Incident response is how a team responds to active threats and attacks on their system. Security incidents will happen—it is a matter of "when", not "if". When they happen, it is important to have an incident response plan which can be activated and used to contain and recover from the attack.
The first step is to establish an Incident Response Team (IRT). The team should be comprised of individuals with a variety of skill sets which will allow each to have a specific role and allow the team to responds to many different types of incidents. IT and technical staff are an obvious choice, but it should also include team members with legal, human resources, and public relations expertise. These members can provide vital advice and assistance during an incident and mitigate the impact of the incident on the organization.
An incident response plan can be subdivided into six phases.
The first phase is preparation. This is the most important phase because it determines how all other phases will operate and ensures the teams preparedness for implementing each phase efficiently.
The organization should publish security and data-handling policies and distribute them to all staff. Written policies keep users from making bad choices which can cause incidents but, more importantly, it gives legal and human resources clear authority to act if policies are violated.
The Incident Response Team (IRT) should develop a written response plan and a series of checklists to ensure that no detail is skipped while moving quickly to respond to an incident. The team should gather any documentation which might help their response. This might include technical manuals, maps of the physical facility, and maps of the network and infrastructure. The IRT should be given whatever online and physical access they might need to respond, or a member of the IRT should be an admin who would be able to quickly grant the privileges they need. It is important to train the IRT and drill them regularly on various scenarios.
The IRT should plan all communications in advance. They should know who to contact, when it is appropriate to contact them, and how to reach them (via multiple means). The "contact list" should include all members of the technical team, senior management, external vendors and third-party resources, and law enforcement.
The IRT should put together a "jump bag" with various technical tools which can be useful during an incident. These tools include:
Identification begins when an incident first begins. The IRT should be notified and begin their communication protocols.
Their first job should be to identify the threat and gather details on the incident. These are the classic questions: who, what, when, where, why. When and where did the incident start? When was it first noticed? Who noticed it and how was it discovered? What do the error messages and log files report about the incident?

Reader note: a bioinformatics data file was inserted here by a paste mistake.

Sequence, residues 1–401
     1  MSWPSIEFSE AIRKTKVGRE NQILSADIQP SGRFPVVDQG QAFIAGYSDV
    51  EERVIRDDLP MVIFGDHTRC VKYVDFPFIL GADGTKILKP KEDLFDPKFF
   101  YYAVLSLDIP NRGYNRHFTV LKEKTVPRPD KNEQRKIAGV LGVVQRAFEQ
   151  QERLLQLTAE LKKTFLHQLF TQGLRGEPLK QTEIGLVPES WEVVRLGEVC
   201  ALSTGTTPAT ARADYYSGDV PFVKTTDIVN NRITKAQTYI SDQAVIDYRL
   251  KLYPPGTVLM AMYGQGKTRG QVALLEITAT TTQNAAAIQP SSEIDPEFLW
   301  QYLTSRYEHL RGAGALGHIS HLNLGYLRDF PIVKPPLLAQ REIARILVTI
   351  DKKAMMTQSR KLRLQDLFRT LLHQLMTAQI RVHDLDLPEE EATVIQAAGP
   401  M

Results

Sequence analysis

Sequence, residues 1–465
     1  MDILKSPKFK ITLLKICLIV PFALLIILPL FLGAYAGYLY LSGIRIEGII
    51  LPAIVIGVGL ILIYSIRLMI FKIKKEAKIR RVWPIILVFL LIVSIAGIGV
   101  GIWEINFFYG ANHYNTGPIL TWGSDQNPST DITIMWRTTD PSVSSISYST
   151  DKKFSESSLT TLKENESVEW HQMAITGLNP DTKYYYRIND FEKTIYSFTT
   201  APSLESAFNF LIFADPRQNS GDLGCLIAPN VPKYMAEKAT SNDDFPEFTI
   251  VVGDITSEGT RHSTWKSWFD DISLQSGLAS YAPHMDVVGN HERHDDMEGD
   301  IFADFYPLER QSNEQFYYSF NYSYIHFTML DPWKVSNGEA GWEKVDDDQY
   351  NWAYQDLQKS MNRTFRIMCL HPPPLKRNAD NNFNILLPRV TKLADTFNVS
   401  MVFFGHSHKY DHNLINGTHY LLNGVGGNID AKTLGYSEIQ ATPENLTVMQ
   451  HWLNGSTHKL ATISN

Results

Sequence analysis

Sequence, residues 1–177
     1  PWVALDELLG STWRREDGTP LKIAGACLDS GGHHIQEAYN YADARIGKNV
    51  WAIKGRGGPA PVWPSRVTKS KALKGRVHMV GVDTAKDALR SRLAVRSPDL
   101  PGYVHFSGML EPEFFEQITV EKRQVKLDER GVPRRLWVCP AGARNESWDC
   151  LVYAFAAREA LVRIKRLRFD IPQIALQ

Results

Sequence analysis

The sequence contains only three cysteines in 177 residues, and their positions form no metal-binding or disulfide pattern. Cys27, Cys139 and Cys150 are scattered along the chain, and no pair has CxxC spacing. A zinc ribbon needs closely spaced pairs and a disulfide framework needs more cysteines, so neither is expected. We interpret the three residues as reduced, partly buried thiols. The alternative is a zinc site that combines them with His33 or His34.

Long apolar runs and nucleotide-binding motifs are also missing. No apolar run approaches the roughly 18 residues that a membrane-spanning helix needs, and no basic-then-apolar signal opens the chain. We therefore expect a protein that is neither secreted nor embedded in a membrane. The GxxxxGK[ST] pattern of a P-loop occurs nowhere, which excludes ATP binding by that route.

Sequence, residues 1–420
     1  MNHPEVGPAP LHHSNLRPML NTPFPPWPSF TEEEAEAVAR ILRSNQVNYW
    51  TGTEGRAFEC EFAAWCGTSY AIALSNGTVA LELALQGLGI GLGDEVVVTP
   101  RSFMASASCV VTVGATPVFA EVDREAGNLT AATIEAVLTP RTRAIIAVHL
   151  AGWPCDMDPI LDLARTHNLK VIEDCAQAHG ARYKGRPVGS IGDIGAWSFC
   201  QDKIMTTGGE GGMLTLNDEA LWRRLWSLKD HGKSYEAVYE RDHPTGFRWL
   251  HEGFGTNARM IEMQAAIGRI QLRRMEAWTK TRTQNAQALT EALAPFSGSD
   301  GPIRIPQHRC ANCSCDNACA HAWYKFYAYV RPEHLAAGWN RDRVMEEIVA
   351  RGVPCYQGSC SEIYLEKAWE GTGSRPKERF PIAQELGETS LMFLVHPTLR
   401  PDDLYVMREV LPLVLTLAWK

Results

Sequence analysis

The goal of these questions to identify the nature and scope of the incident, and to begin to understand the current and future impact it may have. How urgent is the incident? How likely is it to spread or get worse? Which files have been accessed or edited?
At this phase, the IRT should also start an incident timeline to keep track of what has happened so far and to log of all response steps performed going forward. This timeline is important in understanding a current attack and for reviewing the incident and response afterwards.
The containment phase may begin before the identification phase is complete. The goal is to intervene and limit damages from the incident. This means isolating any affected systems to prevent problems from spreading. Network traffic can be re-routed and servers should be removed from the network.
Once systems are isolated, they should be backed up using forensic software. Forensic software is specially designed for this purpose. It is important to have a perfect backup which will preserve all details of the current state for technical review. A forensic copy also preserves evidence which can be used by law enforcement. The forensic copy should be immediately stored in a secure location to keep it safe, to prevent tampering, and to guarantee its integrity.
With the incident contained, the IRT can take a deep breath and begin the work of eradication. This phase may take days or weeks to complete and should not be rushed. The technical team will remove any accounts or backdoors created by an attacker. Affected hard drives should be completely wiped and re-imaged—do not attempt to track down malicious code and risk missing something. The system and files should be scanned with anti-malware software. And whenever possible, install defenses or configuration changes to prevent the same vulnerabilities from being exploited again.
Once the threat has been eradicated, the systems should be brought back online. This should be done after planning and consultation with the IRT to coordinate a careful re-introduction. The team should determine which tools will be used to validate that eradication was successful, how the system will be tested, and for how long it will be monitored to ensure it remains clean.
The last step is to review the incident and consider the lessons learned. This can prevent future incidents and improve the team's responses. After a major incident, it is not uncommon to want to take break rather than re-hash recent events. However, this is a vital step which will pay dividends in the future. The IRT should schedule a meeting for soon after the incident, within two weeks. That is long enough to give everyone a break but short enough to talk while memories are fresh.
In the meeting, the IRT should expand on the documentation taken during the event, completing the timeline with step-by-step details. The IRT's performance and decisions should be evaluated to determine what worked and what needs improvement. Action items should be developed and followed up on to improve readiness for the next incident.